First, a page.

Regards
    Fatherjack

  6. #6
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    Re: A very valid question

    Hi,

    To secure my databases I allways present them as a .MDE to my users. That prevents a lot of playing around in the code.
    Also I make sure that in the startup procedure of my application the following code is executed to restrict users to access the application in design mode:

    If Command = "Debug" Then
    fnChangeProperty "StartupShowDBWindow", dbBoolean, True
    fnChangeProperty "AllowBuiltinToolbars", dbBoolean, True
    fnChangeProperty "AllowToolbarChanges", dbBoolean, True
    fnChangeProperty "AllowShortcutMenus", dbBoolean, True
    fnChangeProperty "AllowFullMenus", dbBoolean, True
    fnChangeProperty "AllowBreakIntoCode", dbBoolean, True
    fnChangeProperty "AllowSpecialKeys", dbBoolean, True
    fnChangeProperty "AllowBypassKey", dbBoolean, True
    Else
    fnChangeProperty "StartupShowDBWindow", dbBoolean, False
    fnChangeProperty "AllowBuiltinToolbars", dbBoolean, False
    fnChangeProperty "AllowToolbarChanges", dbBoolean, False
    fnChangeProperty "AllowShortcutMenus", dbBoolean, False
    fnChangeProperty "AllowFullMenus", dbBoolean, False
    fnChangeProperty "AllowBreakIntoCode", dbBoolean, False
    fnChangeProperty "AllowSpecialKeys", dbBoolean, False
    fnChangeProperty "AllowBypassKey", dbBoolean, False
    End If

    ----------------
    fnChangeProperty looks like this:

    Function fnChangeProperty(strPropName As String, varPropType As Variant, varPropValue As Variant) As Integer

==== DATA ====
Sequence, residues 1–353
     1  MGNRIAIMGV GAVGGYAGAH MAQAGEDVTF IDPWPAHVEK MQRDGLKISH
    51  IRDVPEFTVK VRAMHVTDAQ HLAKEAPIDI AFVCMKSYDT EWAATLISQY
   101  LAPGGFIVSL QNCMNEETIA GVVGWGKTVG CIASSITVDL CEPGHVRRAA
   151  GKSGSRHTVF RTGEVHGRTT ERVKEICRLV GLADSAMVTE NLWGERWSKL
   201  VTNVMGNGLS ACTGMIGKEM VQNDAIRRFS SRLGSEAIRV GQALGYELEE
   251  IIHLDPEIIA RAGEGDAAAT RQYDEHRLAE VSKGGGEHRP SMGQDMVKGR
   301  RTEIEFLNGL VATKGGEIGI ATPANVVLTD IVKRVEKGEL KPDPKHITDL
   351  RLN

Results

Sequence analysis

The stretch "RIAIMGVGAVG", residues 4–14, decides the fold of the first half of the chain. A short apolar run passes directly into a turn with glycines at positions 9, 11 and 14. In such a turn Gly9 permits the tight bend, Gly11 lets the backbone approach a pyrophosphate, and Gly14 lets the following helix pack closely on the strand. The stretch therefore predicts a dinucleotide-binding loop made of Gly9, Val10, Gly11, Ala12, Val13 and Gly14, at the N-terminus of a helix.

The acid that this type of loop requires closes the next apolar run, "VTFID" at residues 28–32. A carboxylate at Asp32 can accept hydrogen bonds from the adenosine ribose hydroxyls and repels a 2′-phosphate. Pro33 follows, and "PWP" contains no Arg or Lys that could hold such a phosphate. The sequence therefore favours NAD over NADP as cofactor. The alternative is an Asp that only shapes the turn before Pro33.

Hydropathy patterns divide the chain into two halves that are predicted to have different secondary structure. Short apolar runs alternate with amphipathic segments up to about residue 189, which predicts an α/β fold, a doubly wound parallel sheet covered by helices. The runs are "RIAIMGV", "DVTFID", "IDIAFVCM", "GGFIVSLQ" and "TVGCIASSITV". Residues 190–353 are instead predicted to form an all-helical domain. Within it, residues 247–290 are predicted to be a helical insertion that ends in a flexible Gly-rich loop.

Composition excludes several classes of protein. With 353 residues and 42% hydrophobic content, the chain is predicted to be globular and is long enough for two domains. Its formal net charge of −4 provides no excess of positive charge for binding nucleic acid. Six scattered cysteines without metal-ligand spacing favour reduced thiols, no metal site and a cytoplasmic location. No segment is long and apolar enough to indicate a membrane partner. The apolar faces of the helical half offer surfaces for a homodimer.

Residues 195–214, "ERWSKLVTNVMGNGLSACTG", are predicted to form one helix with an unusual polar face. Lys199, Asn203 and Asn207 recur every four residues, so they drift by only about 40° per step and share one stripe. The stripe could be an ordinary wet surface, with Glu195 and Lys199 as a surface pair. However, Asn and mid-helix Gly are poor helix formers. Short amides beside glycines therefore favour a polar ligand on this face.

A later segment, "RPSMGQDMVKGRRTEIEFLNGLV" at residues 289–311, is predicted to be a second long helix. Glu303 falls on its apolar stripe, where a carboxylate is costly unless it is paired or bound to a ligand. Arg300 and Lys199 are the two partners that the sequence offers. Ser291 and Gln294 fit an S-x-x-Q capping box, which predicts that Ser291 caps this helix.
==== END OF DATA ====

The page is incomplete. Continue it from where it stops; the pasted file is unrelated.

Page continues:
'************************************************* *****************
    'SUB: fnChangeProperty
    '
    'Wijzigen van de startup properties.
    'Als de aangeroepen property nog niet bestaat, dan wordt deze aangemaakt.
    '
    'AANROEP: fnChangeProperty par1, par2, par3
    '
    'RETOUR: True (-1) indien aanroep ok
    ' False (0) indien fout
    '
    'LAATSTE WIJZIGING:
    ' Versie 1.0 februari 1999 B. Stam
    ' Initiele versie van de functie
    '************************************************* *****************
    If gTrace Then Debug.Print "baszsfrmSplash fnChangeProperty"
    Dim dbs As Database, prp As Property
    Const conPropNotFoundError = 3270

    Set dbs = CurrentDb
    On Error GoTo fnChangeProperty_Err
    dbs.Properties(strPropName) = varPropValue
    fnChangeProperty = True

    fnChangeProperty_Exit:
    Set dbs = Nothing
    Exit Function

    fnChangeProperty_Err:
    '************************************************* *****************
    'Als propertie niet gevonden, dan aanmaken.
    '************************************************* *****************
    If Err = conPropNotFoundError Then ' Property not found.
    Set prp = dbs.CreateProperty(strPropName, varPropType, varPropValue)
    dbs.Properties.Append prp
    Resume Next
    '************************************************* *****************